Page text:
Lynn University estimated the event generated $13.1 million in direct impact, but counted its own $4.5 million investment to host the debate in addition to attendees’ spending on hotels, restaurants and other costs. To give one example: Lynn University estimated that some 4,000 media representatives visited for the debate and spent $2.6 million while in town.

Once a university declares a huge windfall from hosting a debate, the figure spreads and gets repeated by other potential hosts, USA TODAY found.

Representatives from the University of Nevada-Las Vegas and Longwood University, both host sites for 2016 general-election season presidential debates, cited the exact same pre-debate projection of “more than $50 million in publicity” issued by Lynn in 2012.

Las Vegas received $4 million from the city’s convention and visitors authority to cover costs of hosting next October’s presidential debate, an event they say will “garner tremendous media exposure for Las Vegas and reinforce its reputation as a place to do business.”

Longwood University in Farmville, Va., plans to invest $3 million for its October 2016 vice presidential debate, paid for with private donations and cash reserves, not tuition or operating funds, said President W. Taylor Reveley. Like in Boulder, however, officials have warned that students likely won’t be able to attend in person.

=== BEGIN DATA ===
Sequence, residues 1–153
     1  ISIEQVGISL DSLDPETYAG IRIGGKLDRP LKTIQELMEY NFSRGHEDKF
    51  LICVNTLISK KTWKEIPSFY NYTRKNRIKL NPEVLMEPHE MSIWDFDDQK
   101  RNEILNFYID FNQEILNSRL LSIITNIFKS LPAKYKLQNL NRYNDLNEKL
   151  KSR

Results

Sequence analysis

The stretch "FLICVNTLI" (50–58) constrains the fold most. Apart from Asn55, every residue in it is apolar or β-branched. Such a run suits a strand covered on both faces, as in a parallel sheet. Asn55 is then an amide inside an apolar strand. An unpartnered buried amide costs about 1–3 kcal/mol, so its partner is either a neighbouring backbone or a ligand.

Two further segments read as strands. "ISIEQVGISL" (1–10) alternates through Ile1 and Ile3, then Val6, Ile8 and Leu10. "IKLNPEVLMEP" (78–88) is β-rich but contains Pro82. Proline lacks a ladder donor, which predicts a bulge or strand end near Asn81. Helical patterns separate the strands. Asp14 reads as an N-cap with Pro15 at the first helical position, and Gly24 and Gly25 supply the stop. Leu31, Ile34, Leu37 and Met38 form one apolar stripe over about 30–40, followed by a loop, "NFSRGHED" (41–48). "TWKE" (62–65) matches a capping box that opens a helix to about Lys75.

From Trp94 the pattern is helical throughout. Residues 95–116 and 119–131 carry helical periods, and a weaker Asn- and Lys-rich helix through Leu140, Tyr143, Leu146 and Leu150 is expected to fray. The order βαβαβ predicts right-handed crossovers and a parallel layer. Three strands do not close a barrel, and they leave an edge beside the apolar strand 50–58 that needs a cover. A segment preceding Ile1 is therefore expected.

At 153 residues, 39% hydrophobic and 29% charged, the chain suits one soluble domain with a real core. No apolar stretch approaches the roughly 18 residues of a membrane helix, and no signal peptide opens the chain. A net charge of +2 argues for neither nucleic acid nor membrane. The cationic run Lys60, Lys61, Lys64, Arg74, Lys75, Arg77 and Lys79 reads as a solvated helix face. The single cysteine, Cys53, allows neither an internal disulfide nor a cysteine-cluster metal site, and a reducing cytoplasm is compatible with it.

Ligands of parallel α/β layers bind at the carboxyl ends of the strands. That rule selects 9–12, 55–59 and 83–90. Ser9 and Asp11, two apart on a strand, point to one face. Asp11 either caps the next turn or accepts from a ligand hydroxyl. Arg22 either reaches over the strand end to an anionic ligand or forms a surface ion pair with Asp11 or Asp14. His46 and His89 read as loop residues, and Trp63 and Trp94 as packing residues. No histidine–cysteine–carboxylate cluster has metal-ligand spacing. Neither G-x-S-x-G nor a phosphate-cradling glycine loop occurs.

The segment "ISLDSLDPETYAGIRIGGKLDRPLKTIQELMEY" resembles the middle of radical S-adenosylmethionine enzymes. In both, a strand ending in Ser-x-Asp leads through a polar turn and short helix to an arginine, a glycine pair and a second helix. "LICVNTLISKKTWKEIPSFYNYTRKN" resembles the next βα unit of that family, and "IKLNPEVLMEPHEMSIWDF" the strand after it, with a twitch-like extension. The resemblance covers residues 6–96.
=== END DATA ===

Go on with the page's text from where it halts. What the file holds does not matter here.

“It’s a once in a lifetime opportunity for our students and it’s an important civic responsibility at a national level,” Reveley said. “Most host institutions see a meaningful increase in applications and alumni engagement.”

Wright State University, a public institution in Dayton, Ohio, will host the presidential debate on Sept. 26 next year. Officials there declined to release information on the debate costs or the university’s bid, citing security concerns.

Washington University in St. Louis will host the second presidential debate on Oct. 9, 2016. That event will cost the university $1.95 million, paid for with “fundraising and cash reserves,” said Julie Hail Flory, a university spokeswoman.

Students can apply to attend the event via a lottery.

The four general election presidential debate host sites in 2016 are chosen separately than the primary debates. The site selections are made by the non-profit Commission on Presidential Debates.

Nearly 50 sites inquired about hosting a 2016 general election debate, and the commission received 16 bids, said Janet Brown, the CPD executive director.

But the vetting and selection process is secret. Still, Brown said the events are highly coveted and worthwhile.

“The fact that multiple universities bid says they believe they get something out of it,” Brown said. “These are historic, exciting events. Some universities have instituted additions to their curriculum around the debate.”

The primary debates are traditionally cheaper affairs, but sites still seek out the events.

Representatives from the Ronald Reagan Presidential Foundation in Simi Valley, Calif. spent about $250,000 on setting up their Sept. 16 GOP debate, said John Heubusch, the group’s executive director.

“Is it worth it? No doubt in my mind it’s worth it,” Heubusch said. “When you get 23 million people watching, that’s a lot of impressions for our organization.”

On Tuesday, the first Democratic primary debate will be hosted in Nevada at the Wynn Las Vegas. Representatives from the casino and hotel resort declined to release details on the financial agreement with CNN.